Although practices generally have one fee for a well-woman exam, the visit typically encompasses three portions: a general preventive examination that's age- and gender-appropriate; a gynecological exam, including a breast and pelvic exam; and a Pap smear.
For instance, if you see a new patient, you'll report one of three codes:
For an established patient, you should report one of these codes:
There's a catch, though: Medicare doesn't cover routine annual preventive exams. So when you do a well-woman exam for a Medicare beneficiary, you should attach modifier –GY (item or service statutorily excluded or does not meet the definition of any Medicare benefit) to the preventive care code. The modifier indicates that the service isn't covered and allows Medicare to correctly state the amount the patient owes on the EOB.
And don't try to code a preventive exam with a new or established patient office visit E&M code (99201-99215) in order to get the service covered. Doing so can be construed as coding for reimbursement instead of based on correct coding guidelines; that's fraud, says Vicky V. O'Neil, a certified coder and owner of The Hazlett Group in St. Louis. You should always select the E&M code based on the visit's purpose.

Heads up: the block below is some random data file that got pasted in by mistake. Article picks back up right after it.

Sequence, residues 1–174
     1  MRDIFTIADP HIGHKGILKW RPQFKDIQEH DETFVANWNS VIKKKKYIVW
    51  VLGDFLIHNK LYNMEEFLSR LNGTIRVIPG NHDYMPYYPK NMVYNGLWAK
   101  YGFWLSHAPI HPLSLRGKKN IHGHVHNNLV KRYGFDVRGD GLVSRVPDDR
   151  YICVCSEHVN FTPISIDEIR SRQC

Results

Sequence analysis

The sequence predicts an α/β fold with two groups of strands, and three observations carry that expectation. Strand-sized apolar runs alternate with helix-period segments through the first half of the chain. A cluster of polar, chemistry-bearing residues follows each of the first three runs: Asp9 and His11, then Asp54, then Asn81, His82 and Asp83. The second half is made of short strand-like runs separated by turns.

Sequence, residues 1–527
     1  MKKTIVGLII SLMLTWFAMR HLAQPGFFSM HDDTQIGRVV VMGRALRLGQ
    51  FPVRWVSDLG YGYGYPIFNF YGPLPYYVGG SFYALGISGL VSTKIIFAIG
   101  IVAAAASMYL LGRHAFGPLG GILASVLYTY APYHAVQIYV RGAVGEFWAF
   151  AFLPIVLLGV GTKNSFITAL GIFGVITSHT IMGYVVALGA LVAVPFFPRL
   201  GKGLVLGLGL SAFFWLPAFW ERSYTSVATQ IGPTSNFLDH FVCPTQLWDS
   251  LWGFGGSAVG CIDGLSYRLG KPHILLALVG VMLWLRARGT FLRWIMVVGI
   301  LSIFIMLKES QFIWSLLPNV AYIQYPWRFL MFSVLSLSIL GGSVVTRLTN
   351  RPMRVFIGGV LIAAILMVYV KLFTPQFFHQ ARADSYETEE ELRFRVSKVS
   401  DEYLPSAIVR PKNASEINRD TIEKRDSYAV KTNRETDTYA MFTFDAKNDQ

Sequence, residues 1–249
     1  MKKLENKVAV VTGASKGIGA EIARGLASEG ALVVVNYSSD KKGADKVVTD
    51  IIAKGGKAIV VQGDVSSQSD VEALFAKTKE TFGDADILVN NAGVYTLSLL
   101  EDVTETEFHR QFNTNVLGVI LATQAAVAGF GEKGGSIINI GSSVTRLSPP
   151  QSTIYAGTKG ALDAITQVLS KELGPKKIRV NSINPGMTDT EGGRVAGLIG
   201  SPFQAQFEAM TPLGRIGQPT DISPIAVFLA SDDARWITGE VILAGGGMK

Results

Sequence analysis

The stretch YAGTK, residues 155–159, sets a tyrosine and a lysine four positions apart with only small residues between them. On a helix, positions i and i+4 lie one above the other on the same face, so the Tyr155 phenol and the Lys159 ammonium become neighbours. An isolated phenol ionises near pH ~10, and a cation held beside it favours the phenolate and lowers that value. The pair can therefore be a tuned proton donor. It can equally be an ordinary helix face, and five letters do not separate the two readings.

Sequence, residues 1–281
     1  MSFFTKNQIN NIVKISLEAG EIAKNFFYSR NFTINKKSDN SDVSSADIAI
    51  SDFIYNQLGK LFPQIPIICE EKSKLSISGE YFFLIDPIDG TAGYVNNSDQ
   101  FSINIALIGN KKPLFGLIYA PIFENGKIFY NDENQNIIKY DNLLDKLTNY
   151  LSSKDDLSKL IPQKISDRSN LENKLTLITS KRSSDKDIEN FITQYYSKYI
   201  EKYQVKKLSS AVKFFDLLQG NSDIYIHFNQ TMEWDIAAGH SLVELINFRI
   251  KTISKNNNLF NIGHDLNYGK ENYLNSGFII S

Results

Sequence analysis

You can report 99205-99215 to Medicare in addition to a screening Pap test and a screening breast and pelvic exam if you document a separate and distinct E&M service and you attach modifier –25 to the E&M code. For example, you can use an E&M code if you manage the patient's diabetes in addition to performing the Pap and pelvic exam.
Coding different services
You don't usually report routine breast and pelvic exams separately. Many private payers include them in 99385-99397. And CPT contains no codes for reporting these services.
But Medicare does offer a specific code for breast and pelvic exams. When you perform this service for Medicare beneficiaries, you should assign G0101 (cervical or vaginal cancer screening; pelvic and clinical breast exam).